We are less interested in trying to build bridges, than we are in setting the damn bridge on fire. In the name of social justice or orthodoxy, our places of worship are becoming less graceful.
Recently, social conservative writer Rod Dreher shared his experiences meeting the well known gay blogger Andrew Sullivan. The two have tossled more than once on the issue of same-sex marriage, and yet something surprising happened over time: they became friends. Here’s what he said, responding to Andrew’s take of an evangelical church he attended where a mutual friend’s funeral took place:
It will not surprise anyone to learn that Andrew and I will simply not be able to agree on theology. It may surprise some to know that I can live with that, because Andrew is a decent and kind and very much alive person (though I can see his difficult side too; we all have them, as did — very much — David Kuo; as do I). Listening to Andrew speak with passion the other night about his love of Jesus Christ, and his experiences of Christ’s presence, was moving, because so genuine. Hearing of him speak of his own deep suffering as a child and as a young man — stories I hope he will be able to tell one day in his writing, because they were incredibly powerful, and gave me a new perspective on him and why he believes and feels the things he does — deeply reinforced for me the Gospel interdiction on withholding judgment from others. We really don’t know what others have endured, and how they have managed to hope in spite of hopelessness. I found myself back at my hotel room that night praying for Andrew, that Jesus will help him carry the things he has to carry, which to a degree that startled both of us, I think, resemble some of the heaviest burdens I myself have to carry.
If that makes me a squish, well, it makes me a squish. The older I get, and the more I become aware of my own frailty, my own vanity, my own hard-to-govern passions, my own weaknesses, and the more I come to grasp how freaking hard life is, the more inclined I am toward mercy. It’s not out of big-heartedness, necessarily, because unlike my sister Ruthie, I am not big-hearted. I am petty and jealous and quick to anger. My worst fault is my unbridled tongue. Rather, I think any inclination towards mercy on my part comes from a recognition of how much I need it myself.
The words that are most important here is that Rod could live with not agreeing with Andrew’s theology. Live with. Tolerate. Knowing that you might never change another person’s views and coming to a place where that’s okay. To know that sometimes, it’s better to be loving than to be right. Grace.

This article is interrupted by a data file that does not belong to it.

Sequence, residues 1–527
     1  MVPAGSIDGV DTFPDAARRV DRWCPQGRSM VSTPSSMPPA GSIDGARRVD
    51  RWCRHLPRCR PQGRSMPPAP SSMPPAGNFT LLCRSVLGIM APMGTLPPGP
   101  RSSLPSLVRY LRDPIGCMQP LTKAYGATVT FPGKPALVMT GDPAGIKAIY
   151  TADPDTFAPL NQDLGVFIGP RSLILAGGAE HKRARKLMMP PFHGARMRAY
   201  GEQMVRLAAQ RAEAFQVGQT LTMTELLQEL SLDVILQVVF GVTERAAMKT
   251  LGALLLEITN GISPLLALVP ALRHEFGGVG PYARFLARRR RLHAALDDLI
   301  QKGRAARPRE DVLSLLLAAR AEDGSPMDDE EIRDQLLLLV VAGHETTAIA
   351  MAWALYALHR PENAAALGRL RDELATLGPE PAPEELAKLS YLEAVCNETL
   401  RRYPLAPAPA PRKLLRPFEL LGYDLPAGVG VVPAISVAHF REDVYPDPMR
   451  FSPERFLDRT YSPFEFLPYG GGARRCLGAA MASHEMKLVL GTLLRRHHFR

What I wish for the church today is that we could live with a little more grace towards each other, especially when we don’t see eye-to-eye. We need to get to a place where we can disagree and argue and still hug each other afterwards.
Maybe if we were more merciful we would be willing to hear each other. Methodist pastor Stephen Rankin wishes that people not refer to things with the various political adjectives that keep us separated:
We absolutely must enact a moratorium on political labels as identifiers for the “kind of Methodist” that someone thinks she or he is. Calling a particular theological position “progressive” or “conservative” perpetuates (ironically) the very groupthink that we often say we deplore. These words are code that do nothing more than allow people to decide whether they like the theological idea or not without having actually to engage the idea itself. It thus stops necessary reflection even before it gets started.
Using political labels, therefore, like “progressive” and “conservative” and, in some ways “evangelical” does nothing but short-circuit and maybe even ruin the possibility of important and serious conversations. Let us please stop using them, at least long enough actually to talk and listen to one another without these maddening distractions. I am not naive to think that we’ll stop using them altogether, but let us please become very self-aware and spare in our use of them. And we should agree never to use them as conversations stoppers in public debate.
Our society is so fractured, and our churches mirror this sin. What needs to happen is for Christians to not always work so hard to be right. I’m not saying we give up our views, but to know that relationships matter, even when you don’t see eye-to-eye.
I know this will seem weird to others, but I hope one day to become friends with a social conservative. We won’t agree on the issue of sexuality. We might even think the other is sadly mistaken. But I want to have a friendship with someone I don’t agree with to learn to love someone for more than their having the right viewpoint. I want to love them as Christ did and does: with grace and mercy.
So, if there are any social conservatives who have always wanted a sassy black gay friend, I’m available.